This is not to argue that supply chains are magic cures for development. As Harvard economist Dani Rodrik points out, few other developing nations have managed to mimic entirely those in Southeast and eastern Asian, who grew rich on the back of decades of globalization. Basic manufacturing has declined in rich countries over the same period too, although most evidence points to this being largely driven by automation and other technological changes, rather than outsourcing directly.
Economies in "Factory Asia" that depend on these linkages would of course be hit especially hard by any moves to unwind them. Electronics components alone, largely linked to smartphone production, last year accounted for a third of exports in Taiwan and 15% in both Singapore and South Korea, according to a recent IMF report.
Even so, attacks on Asian suppliers now look likely to grow, especially after last week's blockbuster expose from Bloomberg Businessweek, in which the U.S. magazine suggested Chinese spies had embedded tiny surveillance microchips into servers made by Supermicro, a U.S.-based electronics maker. These chips then allegedly slipped into the supply chains of dozens of major American companies, including Amazon and Apple, although both of these have since strenuously denied the article's details, as have China's authorities.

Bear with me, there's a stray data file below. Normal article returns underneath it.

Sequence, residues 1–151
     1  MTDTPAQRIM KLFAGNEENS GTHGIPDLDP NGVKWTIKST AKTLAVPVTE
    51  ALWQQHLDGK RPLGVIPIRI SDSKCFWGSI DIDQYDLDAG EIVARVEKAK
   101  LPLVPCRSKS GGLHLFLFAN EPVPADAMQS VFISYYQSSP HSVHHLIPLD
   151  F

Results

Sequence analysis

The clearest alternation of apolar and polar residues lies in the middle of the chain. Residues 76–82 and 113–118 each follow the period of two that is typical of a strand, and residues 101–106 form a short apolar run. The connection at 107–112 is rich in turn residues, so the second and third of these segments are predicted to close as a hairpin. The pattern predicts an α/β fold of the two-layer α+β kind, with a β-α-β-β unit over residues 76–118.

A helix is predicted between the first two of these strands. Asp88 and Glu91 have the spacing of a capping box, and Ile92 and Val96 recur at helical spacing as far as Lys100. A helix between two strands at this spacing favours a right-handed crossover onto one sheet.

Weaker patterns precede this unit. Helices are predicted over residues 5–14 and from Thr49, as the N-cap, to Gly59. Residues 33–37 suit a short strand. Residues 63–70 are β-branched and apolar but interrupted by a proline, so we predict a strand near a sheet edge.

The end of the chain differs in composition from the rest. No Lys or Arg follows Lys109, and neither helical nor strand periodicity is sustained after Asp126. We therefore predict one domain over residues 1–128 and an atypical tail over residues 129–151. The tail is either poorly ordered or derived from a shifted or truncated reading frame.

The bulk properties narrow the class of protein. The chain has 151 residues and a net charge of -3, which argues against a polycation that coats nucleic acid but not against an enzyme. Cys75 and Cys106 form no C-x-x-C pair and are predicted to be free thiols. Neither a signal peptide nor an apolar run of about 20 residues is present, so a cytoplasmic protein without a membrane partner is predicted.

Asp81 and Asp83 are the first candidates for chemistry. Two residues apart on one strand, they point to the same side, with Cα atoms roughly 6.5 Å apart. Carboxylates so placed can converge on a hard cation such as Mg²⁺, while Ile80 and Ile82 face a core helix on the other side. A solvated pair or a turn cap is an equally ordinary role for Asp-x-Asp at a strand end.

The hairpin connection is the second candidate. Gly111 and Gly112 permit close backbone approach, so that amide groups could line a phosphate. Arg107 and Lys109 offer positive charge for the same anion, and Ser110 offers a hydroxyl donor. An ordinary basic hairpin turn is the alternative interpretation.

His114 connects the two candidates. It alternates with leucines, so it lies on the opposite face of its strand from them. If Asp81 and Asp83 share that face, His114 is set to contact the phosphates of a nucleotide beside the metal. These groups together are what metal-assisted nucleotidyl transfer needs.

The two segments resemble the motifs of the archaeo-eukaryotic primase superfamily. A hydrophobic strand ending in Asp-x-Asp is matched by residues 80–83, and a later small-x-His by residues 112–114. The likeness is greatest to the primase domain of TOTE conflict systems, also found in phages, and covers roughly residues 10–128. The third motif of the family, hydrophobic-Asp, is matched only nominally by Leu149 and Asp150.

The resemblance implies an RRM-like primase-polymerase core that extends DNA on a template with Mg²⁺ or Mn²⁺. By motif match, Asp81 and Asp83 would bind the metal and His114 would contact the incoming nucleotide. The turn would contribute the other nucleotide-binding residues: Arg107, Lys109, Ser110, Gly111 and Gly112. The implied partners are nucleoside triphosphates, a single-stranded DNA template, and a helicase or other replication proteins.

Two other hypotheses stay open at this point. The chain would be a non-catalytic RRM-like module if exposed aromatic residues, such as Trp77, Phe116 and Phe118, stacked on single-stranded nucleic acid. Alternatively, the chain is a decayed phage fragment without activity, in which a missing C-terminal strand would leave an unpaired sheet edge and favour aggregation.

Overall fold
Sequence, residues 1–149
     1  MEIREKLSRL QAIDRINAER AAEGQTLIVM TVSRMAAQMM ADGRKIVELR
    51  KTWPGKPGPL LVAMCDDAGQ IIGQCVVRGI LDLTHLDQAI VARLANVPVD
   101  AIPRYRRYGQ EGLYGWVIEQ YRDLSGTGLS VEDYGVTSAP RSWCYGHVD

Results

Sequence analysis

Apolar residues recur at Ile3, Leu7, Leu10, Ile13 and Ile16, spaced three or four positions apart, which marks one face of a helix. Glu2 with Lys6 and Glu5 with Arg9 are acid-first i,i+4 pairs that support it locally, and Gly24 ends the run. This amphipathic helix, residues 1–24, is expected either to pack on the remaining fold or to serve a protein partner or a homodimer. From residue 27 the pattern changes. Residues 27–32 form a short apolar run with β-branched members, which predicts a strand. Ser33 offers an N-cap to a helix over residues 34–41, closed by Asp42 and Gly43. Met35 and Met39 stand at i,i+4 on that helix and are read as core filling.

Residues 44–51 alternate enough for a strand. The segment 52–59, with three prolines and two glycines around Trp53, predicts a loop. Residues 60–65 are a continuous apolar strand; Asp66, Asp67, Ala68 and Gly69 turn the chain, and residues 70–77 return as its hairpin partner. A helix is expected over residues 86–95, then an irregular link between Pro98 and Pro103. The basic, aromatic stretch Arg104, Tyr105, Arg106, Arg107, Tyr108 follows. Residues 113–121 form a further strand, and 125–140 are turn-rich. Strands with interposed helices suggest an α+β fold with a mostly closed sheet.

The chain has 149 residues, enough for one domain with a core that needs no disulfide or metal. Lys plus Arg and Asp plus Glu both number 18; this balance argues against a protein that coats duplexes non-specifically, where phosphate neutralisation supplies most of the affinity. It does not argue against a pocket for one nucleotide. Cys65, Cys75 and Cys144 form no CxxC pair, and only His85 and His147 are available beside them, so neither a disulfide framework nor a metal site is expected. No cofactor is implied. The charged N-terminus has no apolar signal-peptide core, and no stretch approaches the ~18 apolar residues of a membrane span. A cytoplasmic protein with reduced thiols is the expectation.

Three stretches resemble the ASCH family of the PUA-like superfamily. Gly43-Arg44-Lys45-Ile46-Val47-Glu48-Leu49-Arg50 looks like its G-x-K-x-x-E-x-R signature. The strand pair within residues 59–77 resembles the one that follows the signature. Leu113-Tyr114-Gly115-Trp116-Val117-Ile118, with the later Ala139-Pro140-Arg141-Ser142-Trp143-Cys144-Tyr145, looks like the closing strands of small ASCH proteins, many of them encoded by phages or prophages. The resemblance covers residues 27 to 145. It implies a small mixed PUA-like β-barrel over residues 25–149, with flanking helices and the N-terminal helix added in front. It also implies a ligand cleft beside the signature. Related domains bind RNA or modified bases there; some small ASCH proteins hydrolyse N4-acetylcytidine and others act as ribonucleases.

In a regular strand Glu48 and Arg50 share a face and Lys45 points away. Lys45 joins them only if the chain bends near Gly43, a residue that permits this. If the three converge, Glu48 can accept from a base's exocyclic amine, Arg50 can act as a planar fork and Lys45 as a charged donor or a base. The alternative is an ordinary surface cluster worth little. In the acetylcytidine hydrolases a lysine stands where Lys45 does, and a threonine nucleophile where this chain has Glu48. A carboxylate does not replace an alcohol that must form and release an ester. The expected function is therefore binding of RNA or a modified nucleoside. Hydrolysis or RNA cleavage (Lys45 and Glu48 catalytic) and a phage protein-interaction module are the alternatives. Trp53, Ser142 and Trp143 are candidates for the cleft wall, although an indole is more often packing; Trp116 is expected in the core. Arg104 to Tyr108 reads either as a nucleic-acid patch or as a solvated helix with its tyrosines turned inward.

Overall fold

Yet the mere suspicion that China could have pulled off such an elaborate espionage coup will only ramp up political pressures in Washington, adding to calls for action after a Department of Defense report published last week arguing that the U.S. military has become excessively reliant on foreign military components, mostly supplied by China.
There are worries on the Chinese side too. So far, Beijing has played a moderate "tit-for-tat" trade strategy, matching Trump's tariff increases but not upping the ante. But soon, as the smaller economy, this approach will run out of road. Facing the risk of losing face President Xi Jinping could decide to escalate by meddling with supplies to U.S. companies, for instance by forcing suppliers to halt or delay the delivery of important export components.
The IMF's Lagarde began to sketch a way out of this messy impasse in her speech this month, calling for fairer trade rules, especially in areas like intellectual property rights and state subsidies that underlie much of the bad blood between the U.S. and China.
This would be a good start. But supporters of globalization, including most of those gathering in Bali, must now champion the role of supply chains more broadly, while also acting to enlarge the benefits they can bring.
Here developing nations need help spreading the gains productive global companies introduce into their economies, not least by helping to push knowledge and efficient practices far out beyond a narrow circle of local suppliers and workers.
Much the same is true in the rich world, where the trade benefits enjoyed by profitable multinationals can be more evenly shared, for instance by changing tax rules to stop avoidance and evasion, and encouraging businesses to take more responsibility for the social and environmental effects of their foreign production networks.
It took decades for companies to build the links that created Factory Asia. Without such action, it could take just a few years for Trump and his supporters to begin to bring the shutters down.
James Crabtree is an associate professor in practice at the Lee Kuan Yew School of Public Policy at the National University of Singapore. He is author of "The Billionaire Raj."